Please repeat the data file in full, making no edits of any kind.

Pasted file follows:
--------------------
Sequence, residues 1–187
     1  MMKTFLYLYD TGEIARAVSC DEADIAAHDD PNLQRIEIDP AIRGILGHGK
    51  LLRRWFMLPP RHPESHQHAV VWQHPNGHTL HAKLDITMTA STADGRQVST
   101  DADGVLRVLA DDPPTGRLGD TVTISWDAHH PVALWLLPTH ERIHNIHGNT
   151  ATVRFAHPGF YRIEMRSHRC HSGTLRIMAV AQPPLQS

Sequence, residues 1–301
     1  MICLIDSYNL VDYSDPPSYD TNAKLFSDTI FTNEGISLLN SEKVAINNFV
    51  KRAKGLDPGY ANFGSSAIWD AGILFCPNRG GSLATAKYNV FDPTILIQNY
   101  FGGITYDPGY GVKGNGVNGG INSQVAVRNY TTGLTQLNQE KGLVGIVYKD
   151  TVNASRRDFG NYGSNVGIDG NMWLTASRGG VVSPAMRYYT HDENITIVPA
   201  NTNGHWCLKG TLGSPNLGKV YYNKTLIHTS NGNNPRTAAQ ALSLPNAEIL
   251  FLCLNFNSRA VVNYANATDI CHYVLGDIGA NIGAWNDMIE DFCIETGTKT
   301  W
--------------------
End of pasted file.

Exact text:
Sequence, residues 1–187
     1  MMKTFLYLYD TGEIARAVSC DEADIAAHDD PNLQRIEIDP AIRGILGHGK
    51  LLRRWFMLPP RHPESHQHAV VWQHPNGHTL HAKLDITMTA STADGRQVST
   101  DADGVLRVLA DDPPTGRLGD TVTISWDAHH PVALWLLPTH ERIHNIHGNT
   151  ATVRFAHPGF YRIEMRSHRC HSGTLRIMAV AQPPLQS

Sequence, residues 1–301
     1  MICLIDSYNL VDYSDPPSYD TNAKLFSDTI FTNEGISLLN SEKVAINNFV
    51  KRAKGLDPGY ANFGSSAIWD AGILFCPNRG GSLATAKYNV FDPTILIQNY
   101  FGGITYDPGY GVKGNGVNGG INSQVAVRNY TTGLTQLNQE KGLVGIVYKD
   151  TVNASRRDFG NYGSNVGIDG NMWLTASRGG VVSPAMRYYT HDENITIVPA
   201  NTNGHWCLKG TLGSPNLGKV YYNKTLIHTS NGNNPRTAAQ ALSLPNAEIL
   251  FLCLNFNSRA VVNYANATDI CHYVLGDIGA NIGAWNDMIE DFCIETGTKT
   301  W